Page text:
Hanford Site Deputy Manager Brian Stickney and CPCCo President John Eschenberg put pen to paper, making the Central Plateau Cleanup Contract Partnering Agreement an official record. The agreement establishes a collaborative approach through open communication and coordination to safely advance the cleanup and risk reduction of Hanford’s Central Plateau and Columbia River corridor.
“This is a critical step in establishing the framework of our partnership with DOE,” said Eschenberg. “The partnering team met in the early days of the contract to iron out the details, and this signed document solidifies our commitment to working hand in hand with the Department. Together, we will continue to identify common goals, develop sound processes, plan meaningful work scope, manage risk and optimize resources for the common good.”
As partners in administering the first end-state contract in the EM complex, RL and CPCCo are responsible for advancing the cleanup and risk reduction at Hanford’s Central Plateau by developing task orders — smaller, agreed-upon chunks of work that drive safe and efficient cleanup progress. Key projects include the “cocooning” of retired nuclear reactors by building enclosures around the structures, demolition of obsolete facilities, remediation of former waste sites, safe storage of waste capsules, low-level waste disposal, groundwater management, and preservation of key historical facilities, including Hanford’s historic B Reactor.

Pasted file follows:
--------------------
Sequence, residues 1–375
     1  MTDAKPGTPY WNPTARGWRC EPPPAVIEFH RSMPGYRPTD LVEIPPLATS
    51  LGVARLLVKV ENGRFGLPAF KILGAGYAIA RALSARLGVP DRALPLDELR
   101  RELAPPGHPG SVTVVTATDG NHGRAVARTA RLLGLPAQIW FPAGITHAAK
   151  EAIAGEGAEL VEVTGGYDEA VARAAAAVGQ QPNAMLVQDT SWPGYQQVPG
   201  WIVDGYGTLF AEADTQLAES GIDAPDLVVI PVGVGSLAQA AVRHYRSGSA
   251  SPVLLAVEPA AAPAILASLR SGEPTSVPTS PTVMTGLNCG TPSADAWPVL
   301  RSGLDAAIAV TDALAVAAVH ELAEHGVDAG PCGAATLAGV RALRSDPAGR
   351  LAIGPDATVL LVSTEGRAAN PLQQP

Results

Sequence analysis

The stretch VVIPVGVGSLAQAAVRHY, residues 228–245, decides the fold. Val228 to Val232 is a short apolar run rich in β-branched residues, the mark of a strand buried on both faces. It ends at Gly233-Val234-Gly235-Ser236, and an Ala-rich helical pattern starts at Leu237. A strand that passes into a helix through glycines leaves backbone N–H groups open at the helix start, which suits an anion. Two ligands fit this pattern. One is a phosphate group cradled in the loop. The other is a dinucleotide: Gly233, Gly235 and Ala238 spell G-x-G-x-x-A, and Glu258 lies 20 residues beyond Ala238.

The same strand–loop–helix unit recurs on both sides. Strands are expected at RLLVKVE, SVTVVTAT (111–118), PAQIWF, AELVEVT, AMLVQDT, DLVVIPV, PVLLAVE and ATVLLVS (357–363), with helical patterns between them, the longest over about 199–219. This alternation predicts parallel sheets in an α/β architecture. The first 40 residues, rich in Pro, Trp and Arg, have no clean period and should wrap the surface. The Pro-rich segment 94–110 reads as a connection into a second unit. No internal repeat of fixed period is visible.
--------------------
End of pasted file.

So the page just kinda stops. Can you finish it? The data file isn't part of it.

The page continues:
The partnering agreement recognizes that success on these projects can only be achieved by collaborating and communicating with key stakeholders — including other Hanford contractors — to find high-quality solutions to complex cleanup challenges.
“This process began with partnering workshops involving DOE and CPCCo leadership, where we worked collaboratively to develop into a cohesive team focused on safely delivering significant risk reduction on the Central Plateau and along the Columbia River corridor,” Stickney said. “Our collective team is committed to making integrated decisions, resolving issues, removing obstacles and partnering to implement innovative solutions to make that happen. Our goal isn’t the signing of this piece of paper; rather, this is the first in a multistep process to continue delivering meaningful cleanup progress at Hanford.”
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